2022 PGA Championship: Tiger Woods, Phil Mickelson reverse roles a year after Lefty’s shock victory

It’s impossible to think of Tiger Woods playing the 2022 PGA Championship and not consider the absence of his most acclaimed contemporary, Phil Mickelson. It’s also impossible to think of any of them and not consider how absurd it would be to insinuate, 51 weeks ago after Mickelson won the 2021 event, that Tiger would be the one to start prep work early in Southern Hills, while Lefty continued a month-long sabbatical for non-health reasons.

The two have always been as intertwined as they are contrasting. Literal books have been written on the subject, and you can list the ways in which they are polar opposites almost reflexively. They make oil and water seem compatible.

Tiger, right-handed, is singular and always lonely. Mickelson, left-handed, is almost incapable of being understood out of the context of always having people around him. Tiger is conservative and almost unobtrusive on the course. Mickelson is, uh, no. Tiger pushed his body to the limit, and it betrayed him. Mickelson rarely lost time through injury. If you drew such divergent contemporary rivals, no one would believe you.

Their only common bond was success: earning, making money, and doing it for an extraordinarily long time. As their peers aged in golf lives other than the PGA Tour, both achieved excellence. Despite a combined age of 97, Woods and Mickelson Both won major championship trophies more recently than Rory McIlroy, Jordan Spieth and Justin Thomas. That’s an absolutely remarkable feat for anyone, let alone two guys who started playing PGA Tour events when their younger counterparts were in diapers (or not yet born).

Mickelson was treading water this time last year. He entered the 2021 PGA Championship week without finishing in the top 20 since August 2020. He was playing bad golf and had more missed cuts (three) than the top 25 (two) in the seven events leading up to that second major. year . When he went to the island of Kiawah, he was a champion in name only (and a big one at that), and yet he did the one thing he had done that week for the previous three decades. He showed up. He went to the first tee on Thursday and believed something special was going to happen. It was a comically deluded level of self-confidence, to be sure, but it also worked.

This time, 52 weeks ago, you would have howled at the idea of ​​Mickelson winning that PGA. You probably would have called me to work if I had foreseen. And you would be right to do so. Then, impossibly, Lefty took down Brooks Koepka and Louis Oosthuizen in a place built for men half his age.

Woods, meanwhile, was simply trying to walk this time last year. He recently recounted days in his backyard where he lay on the grass listening to the birds singing, simply elated to be alive.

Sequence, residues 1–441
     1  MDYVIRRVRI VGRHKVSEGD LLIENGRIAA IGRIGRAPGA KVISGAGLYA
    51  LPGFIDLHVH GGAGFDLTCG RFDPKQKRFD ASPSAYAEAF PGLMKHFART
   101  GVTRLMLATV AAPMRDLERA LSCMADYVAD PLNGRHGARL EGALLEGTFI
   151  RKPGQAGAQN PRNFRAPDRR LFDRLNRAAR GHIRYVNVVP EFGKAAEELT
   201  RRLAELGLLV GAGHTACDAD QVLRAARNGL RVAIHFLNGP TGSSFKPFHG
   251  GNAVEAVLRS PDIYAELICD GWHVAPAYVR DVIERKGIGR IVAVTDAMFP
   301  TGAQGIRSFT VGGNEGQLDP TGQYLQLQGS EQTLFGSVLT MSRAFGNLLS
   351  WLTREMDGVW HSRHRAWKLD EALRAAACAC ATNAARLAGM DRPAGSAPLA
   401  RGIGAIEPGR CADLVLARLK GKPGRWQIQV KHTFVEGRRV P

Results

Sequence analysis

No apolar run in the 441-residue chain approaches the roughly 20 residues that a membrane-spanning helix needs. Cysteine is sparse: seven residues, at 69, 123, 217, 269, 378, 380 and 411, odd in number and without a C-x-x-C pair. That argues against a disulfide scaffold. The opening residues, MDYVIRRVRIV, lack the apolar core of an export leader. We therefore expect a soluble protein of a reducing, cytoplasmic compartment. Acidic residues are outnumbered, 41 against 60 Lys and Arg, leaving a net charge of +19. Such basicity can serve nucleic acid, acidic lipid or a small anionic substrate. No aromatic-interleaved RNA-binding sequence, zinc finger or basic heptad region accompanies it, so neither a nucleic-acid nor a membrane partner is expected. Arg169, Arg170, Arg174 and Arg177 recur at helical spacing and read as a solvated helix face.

That’s how they both operate. Tiger takes time to recover and appears when he’s ready. Lefty never stops showing up. Their win count is, in a way, a war of attrition. Woods appeared much less than Mickelson throughout his career (current world tournament count goes to Mickelson, 712-419), but he earned a lot more when he was there (22% to 7% for Tiger).

Phil’s great skill is showing. Tiger’s is decimating the field when he does.

The back half of Tiger’s story is the opposite of Phil’s. When Woods played, he was great. That was always true. He has never had periods of bad play in the last 25 years. He has had many periods out of play, however, for a variety of reasons, including but not limited to injury, scandal, recovery, and simply wanting to be with his family more than wanting to perform for a sporting nation.

As Mickelson kept appearing, Woods kept disappearing.

Now, it’s Lefty who hasn’t been heard from in months. The contrast continues with Mickelson and Woods, except they have completely switched roles. Like Tiger last year, we don’t know when Lefty will resurface, when we’ll hear from him again, And if let’s hear it again. There is a tragedy in Mickelson’s story that Woods can certainly relate to.

What we do know is that you can’t win if you don’t fight, and you can’t fight if you don’t show up. If Mickelson taught us anything about great historic players at last year’s PGA Championship, it was exactly that.

Woods is appearing at the PGA Championship the same way Mickelson appeared at last year’s event: no chance of winning. He’s showing up because something might happen. He is showing up because he loves golf and is serious about his status as champion of this event.

Woods claims he doesn’t show up to play unless he believes he has a chance to win, but there’s nothing in his play over the past 18 months or his performance at the Masters that suggests he has a prayer.

Then again, the exact same sentence could have been written about Mickelson this time a year ago.

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